Vintage style and Shabby Chic

How does the Vintage style look?

"Old but gold. "Make new from old."

The terms Shabby Chic and Vintage style often go hand in hand. Especially in the furniture sector there are many overlaps.

Shabby Chic is a literal translation but in fact this style is far from shabby, being instead a skilful mixture of heirlooms, flea market bargains and home-made items.

This style emerged in the 1980s in Great Britain and was originally a non-commercial backlash to the inclination of the upper middle class, who were able to afford expensive Victorian style interior furnishings. This style is modelled on the furnishings of big, old country seats.

Vintage is often defined as objects which are second-hand, or at least have the appearance of being so. A patina is de rigueur.

 

Furniture

 

 

In the Vintage style furniture segment, there are old heirlooms with natural signs of wear, furniture from flea markets renovated in a Do It Yourself way, and new furniture with artificially induced signs of wear (scratched surfaces, visible layers of multiple paint, seemingly raw and rough wood).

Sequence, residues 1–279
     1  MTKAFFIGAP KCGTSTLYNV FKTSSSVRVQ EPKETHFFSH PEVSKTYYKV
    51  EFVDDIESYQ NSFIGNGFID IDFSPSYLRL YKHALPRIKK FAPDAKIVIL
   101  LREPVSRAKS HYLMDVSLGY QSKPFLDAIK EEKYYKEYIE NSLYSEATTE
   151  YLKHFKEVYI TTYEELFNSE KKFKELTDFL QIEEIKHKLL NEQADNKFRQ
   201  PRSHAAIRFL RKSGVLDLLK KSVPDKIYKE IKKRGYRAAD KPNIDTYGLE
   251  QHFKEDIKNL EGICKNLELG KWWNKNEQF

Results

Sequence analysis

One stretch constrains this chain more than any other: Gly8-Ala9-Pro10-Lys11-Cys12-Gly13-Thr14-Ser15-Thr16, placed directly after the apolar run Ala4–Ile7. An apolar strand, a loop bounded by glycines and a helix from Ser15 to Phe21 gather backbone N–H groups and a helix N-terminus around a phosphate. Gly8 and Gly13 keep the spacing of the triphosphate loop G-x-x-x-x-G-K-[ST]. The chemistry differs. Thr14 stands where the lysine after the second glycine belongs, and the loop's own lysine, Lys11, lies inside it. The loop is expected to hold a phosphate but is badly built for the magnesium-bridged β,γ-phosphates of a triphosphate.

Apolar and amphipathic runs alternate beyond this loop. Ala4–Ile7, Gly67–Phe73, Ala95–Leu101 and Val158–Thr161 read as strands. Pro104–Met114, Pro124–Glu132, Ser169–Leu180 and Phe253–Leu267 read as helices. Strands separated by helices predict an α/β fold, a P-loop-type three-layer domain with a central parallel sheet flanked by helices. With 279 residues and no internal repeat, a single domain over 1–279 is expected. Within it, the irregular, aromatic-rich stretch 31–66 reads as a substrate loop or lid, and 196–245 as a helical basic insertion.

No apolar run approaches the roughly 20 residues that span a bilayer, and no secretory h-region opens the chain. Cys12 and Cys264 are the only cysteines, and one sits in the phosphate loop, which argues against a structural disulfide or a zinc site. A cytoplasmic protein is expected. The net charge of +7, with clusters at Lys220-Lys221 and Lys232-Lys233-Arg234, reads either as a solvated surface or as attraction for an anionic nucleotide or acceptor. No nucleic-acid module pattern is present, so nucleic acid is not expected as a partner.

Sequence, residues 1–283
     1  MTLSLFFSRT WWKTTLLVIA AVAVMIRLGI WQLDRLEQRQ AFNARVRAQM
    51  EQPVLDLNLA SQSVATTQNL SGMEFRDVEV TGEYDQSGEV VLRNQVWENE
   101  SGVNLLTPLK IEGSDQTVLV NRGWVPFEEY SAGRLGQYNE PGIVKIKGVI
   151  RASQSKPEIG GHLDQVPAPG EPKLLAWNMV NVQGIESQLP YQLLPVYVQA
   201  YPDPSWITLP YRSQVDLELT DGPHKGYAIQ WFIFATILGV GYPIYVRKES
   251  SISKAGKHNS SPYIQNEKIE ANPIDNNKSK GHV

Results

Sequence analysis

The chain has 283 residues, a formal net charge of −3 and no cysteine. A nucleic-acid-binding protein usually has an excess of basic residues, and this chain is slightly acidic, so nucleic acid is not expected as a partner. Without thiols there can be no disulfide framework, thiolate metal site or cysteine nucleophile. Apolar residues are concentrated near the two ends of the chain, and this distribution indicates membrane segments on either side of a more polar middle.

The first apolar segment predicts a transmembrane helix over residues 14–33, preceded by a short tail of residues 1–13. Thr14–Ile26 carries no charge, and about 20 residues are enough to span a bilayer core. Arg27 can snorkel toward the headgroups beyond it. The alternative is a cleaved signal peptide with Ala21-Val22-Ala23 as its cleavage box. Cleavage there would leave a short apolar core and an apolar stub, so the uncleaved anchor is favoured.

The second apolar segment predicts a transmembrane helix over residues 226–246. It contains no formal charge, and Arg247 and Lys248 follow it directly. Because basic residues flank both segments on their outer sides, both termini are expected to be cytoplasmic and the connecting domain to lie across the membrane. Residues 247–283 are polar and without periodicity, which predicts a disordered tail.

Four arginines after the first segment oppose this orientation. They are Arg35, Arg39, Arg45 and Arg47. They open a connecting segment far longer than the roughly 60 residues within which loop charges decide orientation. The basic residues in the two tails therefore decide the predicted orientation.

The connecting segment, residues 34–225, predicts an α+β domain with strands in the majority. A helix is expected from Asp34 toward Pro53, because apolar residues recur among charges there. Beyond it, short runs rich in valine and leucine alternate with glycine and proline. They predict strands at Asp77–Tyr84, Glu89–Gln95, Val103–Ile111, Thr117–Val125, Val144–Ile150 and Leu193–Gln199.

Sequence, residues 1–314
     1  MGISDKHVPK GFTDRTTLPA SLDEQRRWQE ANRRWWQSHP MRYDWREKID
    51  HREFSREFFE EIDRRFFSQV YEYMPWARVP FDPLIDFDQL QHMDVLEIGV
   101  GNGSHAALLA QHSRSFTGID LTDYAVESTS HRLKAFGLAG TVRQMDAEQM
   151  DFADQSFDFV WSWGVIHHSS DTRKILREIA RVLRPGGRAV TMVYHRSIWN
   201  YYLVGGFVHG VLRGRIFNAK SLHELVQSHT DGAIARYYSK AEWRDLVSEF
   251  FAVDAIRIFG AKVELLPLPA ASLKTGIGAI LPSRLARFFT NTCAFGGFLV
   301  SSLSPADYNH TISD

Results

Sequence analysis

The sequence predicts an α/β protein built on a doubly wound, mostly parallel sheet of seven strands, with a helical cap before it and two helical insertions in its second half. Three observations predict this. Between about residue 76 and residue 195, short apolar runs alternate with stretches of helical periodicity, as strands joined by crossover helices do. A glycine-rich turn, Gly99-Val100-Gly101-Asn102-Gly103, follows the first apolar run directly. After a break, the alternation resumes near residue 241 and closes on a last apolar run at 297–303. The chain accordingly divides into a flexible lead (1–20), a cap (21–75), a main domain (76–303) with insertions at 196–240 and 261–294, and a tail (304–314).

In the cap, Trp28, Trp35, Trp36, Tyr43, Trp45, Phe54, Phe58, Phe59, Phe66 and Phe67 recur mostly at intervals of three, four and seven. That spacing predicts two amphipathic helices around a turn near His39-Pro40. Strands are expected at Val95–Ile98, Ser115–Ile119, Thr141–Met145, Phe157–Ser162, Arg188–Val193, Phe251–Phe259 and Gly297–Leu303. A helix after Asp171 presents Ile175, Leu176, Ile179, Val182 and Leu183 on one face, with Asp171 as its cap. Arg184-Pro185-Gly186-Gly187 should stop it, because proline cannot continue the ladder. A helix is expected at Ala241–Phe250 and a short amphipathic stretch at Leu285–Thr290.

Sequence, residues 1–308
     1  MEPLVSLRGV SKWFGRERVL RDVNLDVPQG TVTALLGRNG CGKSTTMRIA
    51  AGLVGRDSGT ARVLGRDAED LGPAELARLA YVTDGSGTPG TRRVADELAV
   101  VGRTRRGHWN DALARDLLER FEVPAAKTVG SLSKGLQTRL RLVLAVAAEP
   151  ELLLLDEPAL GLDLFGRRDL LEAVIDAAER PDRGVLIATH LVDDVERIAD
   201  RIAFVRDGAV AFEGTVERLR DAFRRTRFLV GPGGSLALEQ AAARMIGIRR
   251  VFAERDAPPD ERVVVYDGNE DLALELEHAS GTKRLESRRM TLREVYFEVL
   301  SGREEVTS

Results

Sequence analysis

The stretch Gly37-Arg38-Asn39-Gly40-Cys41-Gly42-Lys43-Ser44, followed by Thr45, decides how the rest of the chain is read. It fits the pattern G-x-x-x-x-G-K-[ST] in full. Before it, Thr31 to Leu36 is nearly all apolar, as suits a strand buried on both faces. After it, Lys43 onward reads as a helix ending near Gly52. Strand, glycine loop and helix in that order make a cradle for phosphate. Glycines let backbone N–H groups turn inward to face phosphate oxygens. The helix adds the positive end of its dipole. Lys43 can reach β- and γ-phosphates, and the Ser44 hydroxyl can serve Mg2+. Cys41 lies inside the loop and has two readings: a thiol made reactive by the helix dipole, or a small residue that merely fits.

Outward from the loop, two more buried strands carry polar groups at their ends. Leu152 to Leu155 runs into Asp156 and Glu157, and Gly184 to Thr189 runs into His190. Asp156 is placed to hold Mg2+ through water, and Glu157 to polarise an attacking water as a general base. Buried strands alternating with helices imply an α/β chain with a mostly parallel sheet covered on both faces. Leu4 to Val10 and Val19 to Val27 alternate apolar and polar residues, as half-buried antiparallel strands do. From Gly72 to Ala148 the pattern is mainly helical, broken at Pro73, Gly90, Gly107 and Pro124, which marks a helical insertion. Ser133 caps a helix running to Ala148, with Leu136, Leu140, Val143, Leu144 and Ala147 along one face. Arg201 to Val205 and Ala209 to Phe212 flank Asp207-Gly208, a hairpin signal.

Floors fitting to the Vintage style

"Do It Yourself" - this is the latest trend, which is currently in great demand and used often. For this reason, the Shabby-Chic and Vintage style are so popular. Not infrequently, new furniture is purchased and designed to look as if they were many years old.

Generally, one can distinguish two ways to choose the fitting floor.

1. Choosing a floor based on the existing Vintage furniture

First of all, it must be said that mafi floors have a very long lifetime and usually last for several furniture cycles. Thus, when choosing the floor you should keep the future in mind. For Shabby-Chic furniture, the mafi MAGIC, CORAL, TIGER OAK and CARVING collections are ideally combined. CARVING is a specially developed mafi technique which gives the floor various pattern structures, and is thus ideal for creating the "used look".

2. Set a contrast and choose a timeless, reduced floor

Here, the OAK Clear or the OAK Molto are suitable, to name just a few. A quiet grain and virtually no knots create a warm, authentic atmosphere without being intrusive. Ideal for skilfully bringing the furniture to the forefront.

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